Editor’s Note: Eugene L. Gottlieb, Founding Editor of JCO, died on Oct. 11, 2018, at his home in Sedona, Arizona. For a complete biography, read the Editor’s Corner by David Vogels in the November 2018 JCO. This issue, at the start of what would have been his 100th year, is dedicated to Gene Gottlieb’s memory. The following tributes were received from other JCO editors and contributors by press time.
Gene was still a young man at 99, a curious orthodontist who was passionate about his profession, a permanent student with the enzyme of creativity, always intrigued about innovation and new horizons in orthodontics. The initial and forever active neuron of his JCO. On the human side, a wise man, humble in his relations with a fine sense of humor. A true gentleman. Rest In Peace.
JOSÉ CARRIÈRE, DDS, MD, PhD
LUIS CARRIÈRE, DDS, MSD, PhD
I was very fortunate to meet Dr. Gottlieb when the Journal of Practical Orthodontics was first published. We got to be very good friends, and we had dinner or lunch every time we met at the AAO meeting. We went skiing, and sometimes swimming at his home. The first time I visited him in Sedona, he rented a small plane for me to visit the magnificent desert and the huge rock formations. I didn’t know he would do that, but he had planned ahead of time for the surprise at the airport. I was invited to his daughter’s wedding with David Vogels, which was absolutely unique. My father, Dr. Samuel Fastlicht, and my children also met him and his wife. He published some of my articles, and I have been very grateful always. May he rest in peace.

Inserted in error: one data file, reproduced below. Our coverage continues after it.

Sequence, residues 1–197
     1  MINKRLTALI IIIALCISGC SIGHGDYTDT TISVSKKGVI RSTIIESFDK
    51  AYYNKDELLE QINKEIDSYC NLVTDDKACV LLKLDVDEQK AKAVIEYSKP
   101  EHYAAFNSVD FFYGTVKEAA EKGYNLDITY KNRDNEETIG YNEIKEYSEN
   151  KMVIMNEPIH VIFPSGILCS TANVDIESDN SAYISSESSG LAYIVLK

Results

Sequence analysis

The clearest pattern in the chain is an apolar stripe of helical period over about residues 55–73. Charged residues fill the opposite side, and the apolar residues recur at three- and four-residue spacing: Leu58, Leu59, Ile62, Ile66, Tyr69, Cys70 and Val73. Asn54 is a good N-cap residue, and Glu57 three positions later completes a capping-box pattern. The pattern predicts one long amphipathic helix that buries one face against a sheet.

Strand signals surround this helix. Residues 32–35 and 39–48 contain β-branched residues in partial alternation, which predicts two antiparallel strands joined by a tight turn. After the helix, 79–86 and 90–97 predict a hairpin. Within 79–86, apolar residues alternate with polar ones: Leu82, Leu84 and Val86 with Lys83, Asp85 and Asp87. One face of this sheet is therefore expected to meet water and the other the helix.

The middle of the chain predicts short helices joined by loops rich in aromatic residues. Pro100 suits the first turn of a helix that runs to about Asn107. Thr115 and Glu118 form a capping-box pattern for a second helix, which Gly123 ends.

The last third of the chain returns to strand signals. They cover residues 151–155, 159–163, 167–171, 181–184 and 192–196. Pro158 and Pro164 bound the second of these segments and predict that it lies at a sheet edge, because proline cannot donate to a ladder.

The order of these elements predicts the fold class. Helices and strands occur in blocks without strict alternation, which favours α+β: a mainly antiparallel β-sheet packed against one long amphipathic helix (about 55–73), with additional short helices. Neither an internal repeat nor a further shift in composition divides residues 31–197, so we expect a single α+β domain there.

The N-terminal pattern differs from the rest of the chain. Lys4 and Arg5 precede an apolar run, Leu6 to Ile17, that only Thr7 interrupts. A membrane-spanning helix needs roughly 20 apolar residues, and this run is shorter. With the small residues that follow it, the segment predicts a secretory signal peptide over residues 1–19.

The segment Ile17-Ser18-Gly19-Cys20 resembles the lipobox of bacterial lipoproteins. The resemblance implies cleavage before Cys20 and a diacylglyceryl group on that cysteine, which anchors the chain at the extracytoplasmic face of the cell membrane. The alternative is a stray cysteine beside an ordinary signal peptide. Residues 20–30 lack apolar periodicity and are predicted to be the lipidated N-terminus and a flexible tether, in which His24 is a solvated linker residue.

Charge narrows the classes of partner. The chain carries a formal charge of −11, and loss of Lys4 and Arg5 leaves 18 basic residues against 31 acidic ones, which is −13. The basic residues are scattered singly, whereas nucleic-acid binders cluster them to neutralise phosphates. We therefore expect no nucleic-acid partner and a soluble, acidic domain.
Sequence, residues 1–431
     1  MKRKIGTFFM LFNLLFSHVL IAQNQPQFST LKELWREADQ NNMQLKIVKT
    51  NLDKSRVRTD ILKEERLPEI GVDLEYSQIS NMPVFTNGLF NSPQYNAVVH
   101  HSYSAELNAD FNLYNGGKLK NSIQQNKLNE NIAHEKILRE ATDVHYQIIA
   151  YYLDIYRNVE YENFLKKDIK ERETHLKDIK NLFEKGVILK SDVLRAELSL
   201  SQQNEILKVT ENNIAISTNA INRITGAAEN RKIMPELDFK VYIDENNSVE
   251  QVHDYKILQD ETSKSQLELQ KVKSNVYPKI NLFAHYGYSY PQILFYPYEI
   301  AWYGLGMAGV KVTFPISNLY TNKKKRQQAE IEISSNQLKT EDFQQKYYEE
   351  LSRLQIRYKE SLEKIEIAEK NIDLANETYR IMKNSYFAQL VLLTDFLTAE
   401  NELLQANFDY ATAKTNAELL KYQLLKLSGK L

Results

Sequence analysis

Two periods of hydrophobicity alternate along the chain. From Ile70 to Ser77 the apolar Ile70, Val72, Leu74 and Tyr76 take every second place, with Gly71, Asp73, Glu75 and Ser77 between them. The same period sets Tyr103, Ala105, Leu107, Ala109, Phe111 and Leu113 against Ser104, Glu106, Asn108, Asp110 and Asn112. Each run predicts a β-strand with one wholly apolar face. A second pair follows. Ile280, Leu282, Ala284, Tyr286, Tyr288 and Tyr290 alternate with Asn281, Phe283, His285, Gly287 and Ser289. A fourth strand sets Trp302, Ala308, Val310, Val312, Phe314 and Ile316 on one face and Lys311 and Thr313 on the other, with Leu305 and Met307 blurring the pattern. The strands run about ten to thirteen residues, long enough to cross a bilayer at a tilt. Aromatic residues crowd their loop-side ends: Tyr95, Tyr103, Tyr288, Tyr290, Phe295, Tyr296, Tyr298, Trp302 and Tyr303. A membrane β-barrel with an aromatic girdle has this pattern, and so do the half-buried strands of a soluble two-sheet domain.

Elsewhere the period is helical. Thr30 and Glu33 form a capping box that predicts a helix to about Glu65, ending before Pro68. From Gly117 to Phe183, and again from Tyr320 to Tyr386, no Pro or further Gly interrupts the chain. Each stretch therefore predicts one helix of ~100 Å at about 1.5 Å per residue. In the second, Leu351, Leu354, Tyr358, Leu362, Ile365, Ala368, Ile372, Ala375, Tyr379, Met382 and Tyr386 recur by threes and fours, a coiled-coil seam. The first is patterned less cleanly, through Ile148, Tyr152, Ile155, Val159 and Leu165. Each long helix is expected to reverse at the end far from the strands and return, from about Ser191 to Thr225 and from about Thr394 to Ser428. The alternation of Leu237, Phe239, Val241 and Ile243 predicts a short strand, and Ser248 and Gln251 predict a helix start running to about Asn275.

JORGE FASTLICHT, DDS, MS
Mexico City, Mexico
Gene was a rare individual indeed, and it’s been wonderful reading and looking back at his impact on so many orthodontists, including me. Dr. Gottlieb was an academician, innovator, futurist, clinician, communicator, thought leader, and master archivist. Gene will be missed, but his great legacy will persist.
JOHN W. GRAHAM, DDS, MD
Salt Lake City, UT
I am saddened to hear about Gene’s passing. His support for making orthodontics a far better profession in his wake is matched by very few in orthodontics. Gene saw and actively participated in so much during his time, which is an inspiration to all of us. Please remember that many of us are far better people and clinicians because of Gene.
ROBERT S. HAEGER, DDS, MS
As one of your Asian friends, I want to show my deepest condolences to Dr. Gottlieb and his family and to all the JCO fans. You all gave us insight into orthodontics for my patients. RIP, my friend.